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I have a string that contains country and other region names. I am only interested in the country names and would ideally like to add several columns, each of which contains a country name listed in the string. Here is an exemplary code for the way the dataframe lis set up:

df <- data.frame(id = c(1,2,3),
                 country = c("Cote d'Ivoire Africa Developing Economies West Africa",
                              "South Africa United Kingdom Africa BRICS Countries",
                             "Myanmar Gambia Bangladesh Netherlands Africa Asia"))

If I only split the string by space, those countries which contain a space get lost (e.g. "United Kingdom"). See here:

df2 <- separate(df, country, paste0("C",3:8), sep=" ") 

Therefore, I tried to look up country names using the world.cities dataset. However, this only seems to loop through the string until there is non-country name. See here:

library(maps)
library(stringr)
all_countries <- str_c(unique(world.cities$country.etc), collapse = "|")
df$c1 <- sapply(str_extract_all(df$country, all_countries), toString)

I am wondering whether it's possible to use the space a delimiter but define exceptions (like "United Kingdom"). This might obviously require some manual work, but appears to be most feasible solution to me. Does anyone know how to define such exceptions? I am of course also open to and thankful for any other solutions.

UPDATE:

I figured out another solution using the countrycode package:

library(countrycode)
countries <- data.frame(countryname_dict)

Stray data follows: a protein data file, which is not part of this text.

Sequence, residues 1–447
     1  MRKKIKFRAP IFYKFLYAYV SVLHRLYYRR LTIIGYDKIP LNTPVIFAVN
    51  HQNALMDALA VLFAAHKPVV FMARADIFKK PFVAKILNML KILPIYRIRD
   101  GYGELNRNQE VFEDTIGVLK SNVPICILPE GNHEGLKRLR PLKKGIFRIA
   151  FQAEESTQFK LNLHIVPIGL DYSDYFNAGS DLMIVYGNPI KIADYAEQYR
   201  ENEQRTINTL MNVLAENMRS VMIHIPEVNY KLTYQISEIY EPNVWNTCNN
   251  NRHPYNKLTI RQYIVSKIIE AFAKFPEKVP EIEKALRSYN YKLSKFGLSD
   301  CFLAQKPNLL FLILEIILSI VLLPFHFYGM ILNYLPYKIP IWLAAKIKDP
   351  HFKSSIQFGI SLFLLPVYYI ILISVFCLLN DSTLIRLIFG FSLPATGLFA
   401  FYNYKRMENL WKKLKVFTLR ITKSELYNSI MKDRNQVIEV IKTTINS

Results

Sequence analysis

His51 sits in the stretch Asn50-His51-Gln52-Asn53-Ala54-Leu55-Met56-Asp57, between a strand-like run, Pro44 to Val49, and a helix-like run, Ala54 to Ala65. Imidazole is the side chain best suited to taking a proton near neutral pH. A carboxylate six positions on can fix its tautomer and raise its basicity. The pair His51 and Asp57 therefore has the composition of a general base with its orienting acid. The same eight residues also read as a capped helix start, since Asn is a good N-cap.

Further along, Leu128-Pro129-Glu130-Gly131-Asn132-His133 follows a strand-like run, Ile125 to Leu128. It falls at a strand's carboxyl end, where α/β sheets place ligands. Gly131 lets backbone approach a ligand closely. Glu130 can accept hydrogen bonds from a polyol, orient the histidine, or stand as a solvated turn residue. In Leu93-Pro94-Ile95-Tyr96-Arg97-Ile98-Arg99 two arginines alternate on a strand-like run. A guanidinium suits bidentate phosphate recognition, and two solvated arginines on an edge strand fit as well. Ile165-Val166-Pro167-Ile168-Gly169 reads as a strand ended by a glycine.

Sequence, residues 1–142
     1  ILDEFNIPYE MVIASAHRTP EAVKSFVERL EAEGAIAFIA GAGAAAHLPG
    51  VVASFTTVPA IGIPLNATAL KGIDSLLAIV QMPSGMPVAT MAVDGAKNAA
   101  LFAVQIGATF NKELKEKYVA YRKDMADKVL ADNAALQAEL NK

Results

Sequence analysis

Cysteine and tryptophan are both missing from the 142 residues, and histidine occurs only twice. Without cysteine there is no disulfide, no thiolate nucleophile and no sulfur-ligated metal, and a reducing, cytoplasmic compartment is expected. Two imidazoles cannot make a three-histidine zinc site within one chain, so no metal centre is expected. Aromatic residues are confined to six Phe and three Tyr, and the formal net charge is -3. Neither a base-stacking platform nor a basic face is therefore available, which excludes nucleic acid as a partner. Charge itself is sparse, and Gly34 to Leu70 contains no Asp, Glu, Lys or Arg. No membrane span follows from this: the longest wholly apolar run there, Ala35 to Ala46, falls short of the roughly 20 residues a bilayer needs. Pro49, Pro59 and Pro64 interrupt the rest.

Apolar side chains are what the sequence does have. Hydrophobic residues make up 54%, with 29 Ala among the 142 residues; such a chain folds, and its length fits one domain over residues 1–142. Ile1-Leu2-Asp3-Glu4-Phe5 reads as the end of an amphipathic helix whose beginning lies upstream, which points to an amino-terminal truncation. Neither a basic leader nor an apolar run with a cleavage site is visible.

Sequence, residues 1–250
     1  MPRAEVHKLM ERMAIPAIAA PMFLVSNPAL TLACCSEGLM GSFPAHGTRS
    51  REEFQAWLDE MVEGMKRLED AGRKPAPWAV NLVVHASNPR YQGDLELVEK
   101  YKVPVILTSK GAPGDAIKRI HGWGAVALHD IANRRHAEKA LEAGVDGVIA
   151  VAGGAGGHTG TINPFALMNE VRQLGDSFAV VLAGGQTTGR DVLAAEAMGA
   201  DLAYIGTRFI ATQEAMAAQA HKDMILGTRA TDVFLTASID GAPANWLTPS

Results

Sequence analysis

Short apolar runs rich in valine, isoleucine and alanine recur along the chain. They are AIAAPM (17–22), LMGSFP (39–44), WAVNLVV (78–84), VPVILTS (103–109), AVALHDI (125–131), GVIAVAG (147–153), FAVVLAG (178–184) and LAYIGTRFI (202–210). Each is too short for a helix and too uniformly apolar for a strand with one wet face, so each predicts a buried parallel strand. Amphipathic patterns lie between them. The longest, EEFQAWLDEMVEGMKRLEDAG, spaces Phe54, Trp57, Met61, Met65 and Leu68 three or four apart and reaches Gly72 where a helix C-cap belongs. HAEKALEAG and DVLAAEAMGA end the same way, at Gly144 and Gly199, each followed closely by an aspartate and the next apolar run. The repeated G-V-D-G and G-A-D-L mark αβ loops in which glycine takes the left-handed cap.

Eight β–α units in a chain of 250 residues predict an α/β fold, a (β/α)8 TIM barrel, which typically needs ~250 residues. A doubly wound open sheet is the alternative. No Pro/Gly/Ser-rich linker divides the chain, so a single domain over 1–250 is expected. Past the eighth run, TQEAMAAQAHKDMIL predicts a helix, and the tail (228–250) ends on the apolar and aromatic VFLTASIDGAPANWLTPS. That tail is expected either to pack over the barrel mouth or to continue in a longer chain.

countries$continent <- countrycode(sourcevar = countries[["country.name.en"]],
                                   origin = "country.name.en",
                                   destination = "continent")

africa <- countries[ which(countries$continent=='Africa'), ]

library(stringr)
pat <- paste0("\\b", paste(africa$country.name.en , collapse="\\b|\\b"), "\\b")
df$country_list <- str_extract_all(df$country, regex(pat, ignore_case = TRUE))
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  • It is possible, but you may multiple countries like that
    – akrun
    Commented Nov 20, 2020 at 21:45
  • Hey there, thanks for the quick reply. Could you specify how this would be possible? Thanks!
    – Lisa
    Commented Nov 20, 2020 at 21:47
  • Depends on if you have a list of country names with multiple words
    – akrun
    Commented Nov 20, 2020 at 21:48
  • It looks like in the example in the beginning of my question; e.g. "South Africa United Kingdom Africa BRICS Countries"
    – Lisa
    Commented Nov 20, 2020 at 21:50
  • What about Cote d'Ivoire ? Is it a country
    – akrun
    Commented Nov 20, 2020 at 21:51

1 Answer 1

2

You could do:

library(stringi)
vec <- stri_trans_general(countrycode::codelist$country.name.en, id = "Latin-ASCII")
stri_extract_all(df$country,regex = sprintf(r"(\b(%s)\b)",stri_c(vec,collapse = "|")))
[[1]]
[1] "Cote d'Ivoire"

[[2]]
[1] "South Africa"   "United Kingdom"

[[3]]
[1] "Gambia"      "Bangladesh"  "Netherlands"
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  • Thanks a lot. This works well. One minor note. There is an "=" missing. It has to be: stri_extract_all(df$country,regex = sprintf(r="(\b(%s)\b)",stri_c(vec,collapse = "|")))
    – Lisa
    Commented Nov 21, 2020 at 8:20
  • I just discovered one problem in your solution which I have not managed to fix. There is both Nigeria and Niger in the text strings and all the Nigeria strings end up as Niger (looks like the first possible match is extracted). Any ideas how to fix this?
    – Lisa
    Commented Nov 23, 2020 at 13:21
  • @Lisa, you added an extra = YOU SHOULD DO EXACTLY AS POSTED ABOVE. there is no missing =. Take note of that
    – Onyambu
    Commented Nov 23, 2020 at 18:02
  • Thx for your reply @Onyambu, if I do so, I get the following error message in R: Error: unexpected string constant in "stri_extract_all(df$country,regex = sprintf(r"(\b(%s)\b)"".Meanwhile I found a solution using the countrycode package (see updated question)
    – Lisa
    Commented Nov 23, 2020 at 20:40
  • 1
    @Lisa, it seems you are using an older version of R. Change it to sprintf('\\b(%s)\\b',.......) instead. The dotts mean maintain every other thing
    – Onyambu
    Commented Nov 23, 2020 at 20:43

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